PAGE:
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Responsive Design in IE10 on Windows Phone 8

Posted: January 6 2013, Updated: October 15 2013

Be sure to read the update from October 15 2013, as Microsoft have fixed this issue.

On October 17, 2012, 9 days before Windows 8's release, Tim Kadlec wrote an article, IE10 Snap Mode and Responsive Design, in which he told us to use CSS Device Adaptation to force IE10 in “snap mode” to display our responsive designs correctly as it ignores the meta viewport tag.

Tim suggested using:

@-ms-viewport {
	width: device-width;
}

as opposed to Microsoft's recommendation of:

@media (max-width: 400px) {
	@-ms-viewport {
		width: 320px;
	}
}

This all worked wonderfully until Microsoft released Windows Phone 8, which for some reason behaves differently to every other mobile OS by interpreting device-width as the actual resolution size (either portrait or landscape depending on how it's oriented), instead of what the manufacturer (or browser vendor) has decided is the optimal viewport width (such as the “standard” 320px in portrait).

This means that your “mobile-first” responsive designs will look anything but on Nokia's flagship Windows 8 phone, the Lumia 920, as it will render the page at its native resolution: 768 × 1280 pixels. The Lumia 820 has a lower resolution of 480 × 800 pixels, so these users will have a better experience, but still not the one we'd expect.

So what can we do? Implement Microsoft's recommended viewport CSS rule above, which works on Windows Phone 8 and in Windows 8 “snap mode”.

The downside to this is that IE10 on the desktop will not act responsively when the window is less than 401px wide, instead scaling the page from 320px to fit the window size. Your content will not reflow to fit the window, it will just get bigger or smaller as appropriate, meaning you can't test less than 320px styles on desktop IE10.

If you have a Windows Phone 8 device, I've created two test pages that demonstrate the issue when using device-width and the other displaying as expected by using width: 320px.

For everyone else, here's some screenshots:

Using device-width

Using width: 320px

Update: January 8 2013

After some conversations on Twitter, I've just tried two other methods of dealing with the viewport.

Using max-device-width in the media query

John Holt Ripley, asked whether using max-device-width in the media query would stop desktop IE10 from scaling the site. The answer, unfortunately, is no. Here's my test page.

Using <meta name="viewport" content="width=device-width" />

Adam Onishi noticed that 12 Devs of Xmas displayed fine on his Windows Phone 8. After a little debugging, it turns out that IE10 on Windows Phone 8 does acknowledge the meta viewport tag if it doesn't have an initial-scale value. Unfortunately, this doesn't work on Windows 8's “snap mode”. Here's the test page.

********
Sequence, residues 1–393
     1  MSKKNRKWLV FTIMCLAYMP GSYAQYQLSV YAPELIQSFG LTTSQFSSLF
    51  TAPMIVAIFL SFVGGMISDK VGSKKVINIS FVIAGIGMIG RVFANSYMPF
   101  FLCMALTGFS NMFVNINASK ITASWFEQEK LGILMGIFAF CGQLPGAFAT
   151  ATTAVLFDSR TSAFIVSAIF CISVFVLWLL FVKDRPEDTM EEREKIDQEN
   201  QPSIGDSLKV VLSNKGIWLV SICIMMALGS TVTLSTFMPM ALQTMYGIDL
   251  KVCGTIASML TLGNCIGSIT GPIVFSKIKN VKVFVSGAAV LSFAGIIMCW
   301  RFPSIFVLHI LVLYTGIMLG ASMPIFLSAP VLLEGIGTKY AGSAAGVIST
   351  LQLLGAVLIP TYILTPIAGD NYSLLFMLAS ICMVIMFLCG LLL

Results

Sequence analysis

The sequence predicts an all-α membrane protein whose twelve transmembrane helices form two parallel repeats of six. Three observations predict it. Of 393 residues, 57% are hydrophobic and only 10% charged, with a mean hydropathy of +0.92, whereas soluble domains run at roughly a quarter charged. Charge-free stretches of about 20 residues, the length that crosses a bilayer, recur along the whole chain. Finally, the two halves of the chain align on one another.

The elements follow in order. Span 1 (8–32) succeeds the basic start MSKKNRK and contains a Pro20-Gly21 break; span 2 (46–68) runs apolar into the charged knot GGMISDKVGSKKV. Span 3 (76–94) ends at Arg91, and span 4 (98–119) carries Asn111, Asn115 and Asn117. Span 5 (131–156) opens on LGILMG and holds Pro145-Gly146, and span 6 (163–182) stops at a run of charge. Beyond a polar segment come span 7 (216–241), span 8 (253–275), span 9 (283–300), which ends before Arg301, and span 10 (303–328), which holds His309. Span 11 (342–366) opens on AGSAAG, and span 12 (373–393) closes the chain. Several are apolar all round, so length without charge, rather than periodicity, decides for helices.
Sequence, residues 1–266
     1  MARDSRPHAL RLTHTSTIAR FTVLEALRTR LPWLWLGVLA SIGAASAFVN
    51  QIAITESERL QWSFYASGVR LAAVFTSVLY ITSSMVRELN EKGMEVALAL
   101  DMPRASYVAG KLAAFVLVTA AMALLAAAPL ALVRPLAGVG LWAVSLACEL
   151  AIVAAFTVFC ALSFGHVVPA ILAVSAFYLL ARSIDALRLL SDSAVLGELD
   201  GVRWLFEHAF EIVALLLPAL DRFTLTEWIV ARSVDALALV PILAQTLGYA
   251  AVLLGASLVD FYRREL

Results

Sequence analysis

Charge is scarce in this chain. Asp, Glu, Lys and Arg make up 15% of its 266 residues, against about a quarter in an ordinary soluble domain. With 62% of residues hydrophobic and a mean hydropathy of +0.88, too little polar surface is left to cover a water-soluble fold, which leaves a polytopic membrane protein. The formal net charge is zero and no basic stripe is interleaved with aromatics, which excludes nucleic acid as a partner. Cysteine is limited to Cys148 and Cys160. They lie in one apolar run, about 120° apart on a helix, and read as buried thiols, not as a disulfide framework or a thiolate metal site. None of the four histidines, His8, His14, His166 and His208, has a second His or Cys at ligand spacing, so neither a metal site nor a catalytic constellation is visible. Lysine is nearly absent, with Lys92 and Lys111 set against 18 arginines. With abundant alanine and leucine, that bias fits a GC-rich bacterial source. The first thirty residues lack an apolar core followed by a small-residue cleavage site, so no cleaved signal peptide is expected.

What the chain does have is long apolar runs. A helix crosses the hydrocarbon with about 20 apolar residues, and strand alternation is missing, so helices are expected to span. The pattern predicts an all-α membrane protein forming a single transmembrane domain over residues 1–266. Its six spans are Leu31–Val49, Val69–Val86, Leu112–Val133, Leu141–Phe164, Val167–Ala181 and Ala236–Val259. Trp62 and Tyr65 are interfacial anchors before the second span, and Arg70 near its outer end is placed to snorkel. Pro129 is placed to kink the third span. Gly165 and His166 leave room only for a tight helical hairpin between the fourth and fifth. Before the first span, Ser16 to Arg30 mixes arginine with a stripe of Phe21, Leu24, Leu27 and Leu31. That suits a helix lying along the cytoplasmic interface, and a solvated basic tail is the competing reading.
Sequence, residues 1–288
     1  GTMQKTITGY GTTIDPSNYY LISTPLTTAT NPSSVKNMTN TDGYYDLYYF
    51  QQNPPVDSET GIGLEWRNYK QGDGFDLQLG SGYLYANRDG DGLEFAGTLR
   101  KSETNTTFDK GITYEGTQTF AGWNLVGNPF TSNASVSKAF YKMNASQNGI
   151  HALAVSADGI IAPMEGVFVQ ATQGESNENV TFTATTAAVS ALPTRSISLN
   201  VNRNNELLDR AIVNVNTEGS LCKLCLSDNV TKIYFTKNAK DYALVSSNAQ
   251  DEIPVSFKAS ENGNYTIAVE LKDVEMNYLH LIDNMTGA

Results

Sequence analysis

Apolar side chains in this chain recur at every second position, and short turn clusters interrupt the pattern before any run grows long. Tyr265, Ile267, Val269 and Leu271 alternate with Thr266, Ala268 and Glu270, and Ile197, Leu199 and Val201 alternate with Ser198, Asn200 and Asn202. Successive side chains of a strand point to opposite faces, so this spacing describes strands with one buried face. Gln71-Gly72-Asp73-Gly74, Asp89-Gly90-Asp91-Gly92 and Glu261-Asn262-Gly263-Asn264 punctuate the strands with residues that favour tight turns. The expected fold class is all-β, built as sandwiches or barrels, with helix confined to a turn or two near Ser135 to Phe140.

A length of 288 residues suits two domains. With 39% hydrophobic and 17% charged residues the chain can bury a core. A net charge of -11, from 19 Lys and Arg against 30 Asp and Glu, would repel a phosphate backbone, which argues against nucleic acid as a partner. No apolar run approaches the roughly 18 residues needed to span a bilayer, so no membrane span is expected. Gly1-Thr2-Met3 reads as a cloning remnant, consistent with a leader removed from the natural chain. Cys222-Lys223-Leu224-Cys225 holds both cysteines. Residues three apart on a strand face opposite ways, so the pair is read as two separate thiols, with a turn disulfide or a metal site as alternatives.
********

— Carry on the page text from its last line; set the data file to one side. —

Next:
Similarly, using minimum-scale instead of initial-scale has the same effect.

Also, Rey Bango of Microsoft contacted me to say that he's “looking in to it”.

Update: January 15 2013

Following some discussions with Rey Bango, Microsoft have confirmed it is a bug with IE10 on Windows Phone 8 when using device-width with CSS adaption (@-ms-viewport). They are actively looking at patching the bug, but this will not happen immediately, and will be reliant on carriers to push the update to users when it becomes available.

In the meantime, Microsoft have provided a solution that relies on JavaScript and UA sniffing, which although isn't ideal, is the best way of dealing with the bug now, without harming future releases of IE10 or Windows Phone 8 devices.

Here's what you need to do:

Use @-ms-viewport in your CSS

@-ms-viewport{
	width: device-width;
}

Use the meta viewport tag

<meta name="viewport" content="width=device-width, initial-scale=1" />

And finally, in your <head>, add the following JavaScript

(function() {
	if ("-ms-user-select" in document.documentElement.style && navigator.userAgent.match(/IEMobile\/10\.0/)) {
		var msViewportStyle = document.createElement("style");
		msViewportStyle.appendChild(
			document.createTextNode("@-ms-viewport{width:auto!important}")
		);
		document.getElementsByTagName("head")[0].appendChild(msViewportStyle);
	}
})();

This code specifically targets version IE Mobile 10.0 – I've also added an extra condition to ensure it only happens in IE – so future, fixed versions will be untouched. It's worth noting that JavaScript cannot be disabled on Windows Phone 8, so this code will always run.

I've created a gist of the code on GitHub.

Interestingly, Rey Bango and I have discovered that due to a ”timing issue” the fix has to be called before any other scripts in the <head>, otherwise it won't work.

Tim Kadlec has also written about the fix.

Update: October 15 2013

Great news! Microsoft have fixed the viewport issue in WP8 Update 3 (GDR3).

Using device-width in a CSS @-ms-viewport rule now correctly renders pages at the device-width, instead of the resolution width.

Interestingly though, in this update IE's version number is still 10.0, despite Microsoft promising to update it so the recommended fix/workaround/hack would no longer apply. The fix doesn't have any side effects, however, so I'd recommend continuing to use it until this update is finalised and released publicly.

I'd like to thank Asbjørn for letting me know about the update.